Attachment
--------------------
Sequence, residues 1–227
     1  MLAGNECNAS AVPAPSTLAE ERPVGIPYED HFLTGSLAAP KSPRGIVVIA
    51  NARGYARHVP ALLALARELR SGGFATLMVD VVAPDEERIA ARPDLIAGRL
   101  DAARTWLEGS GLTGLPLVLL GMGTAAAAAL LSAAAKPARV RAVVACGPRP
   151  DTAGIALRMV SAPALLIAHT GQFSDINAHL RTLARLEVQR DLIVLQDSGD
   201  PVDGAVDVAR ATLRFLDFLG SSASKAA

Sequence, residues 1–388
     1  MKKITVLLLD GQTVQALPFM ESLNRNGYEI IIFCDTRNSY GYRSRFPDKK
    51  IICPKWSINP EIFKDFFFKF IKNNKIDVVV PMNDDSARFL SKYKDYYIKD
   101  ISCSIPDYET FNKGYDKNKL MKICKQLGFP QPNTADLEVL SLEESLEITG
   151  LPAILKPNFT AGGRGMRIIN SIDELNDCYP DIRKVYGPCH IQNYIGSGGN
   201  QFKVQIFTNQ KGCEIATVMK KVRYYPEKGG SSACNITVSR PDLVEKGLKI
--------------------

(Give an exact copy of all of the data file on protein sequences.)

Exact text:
Sequence, residues 1–227
     1  MLAGNECNAS AVPAPSTLAE ERPVGIPYED HFLTGSLAAP KSPRGIVVIA
    51  NARGYARHVP ALLALARELR SGGFATLMVD VVAPDEERIA ARPDLIAGRL
   101  DAARTWLEGS GLTGLPLVLL GMGTAAAAAL LSAAAKPARV RAVVACGPRP
   151  DTAGIALRMV SAPALLIAHT GQFSDINAHL RTLARLEVQR DLIVLQDSGD
   201  PVDGAVDVAR ATLRFLDFLG SSASKAA

Sequence, residues 1–388
     1  MKKITVLLLD GQTVQALPFM ESLNRNGYEI IIFCDTRNSY GYRSRFPDKK
    51  IICPKWSINP EIFKDFFFKF IKNNKIDVVV PMNDDSARFL SKYKDYYIKD
   101  ISCSIPDYET FNKGYDKNKL MKICKQLGFP QPNTADLEVL SLEESLEITG
   151  LPAILKPNFT AGGRGMRIIN SIDELNDCYP DIRKVYGPCH IQNYIGSGGN
   201  QFKVQIFTNQ KGCEIATVMK KVRYYPEKGG SSACNITVSR PDLVEKGLKI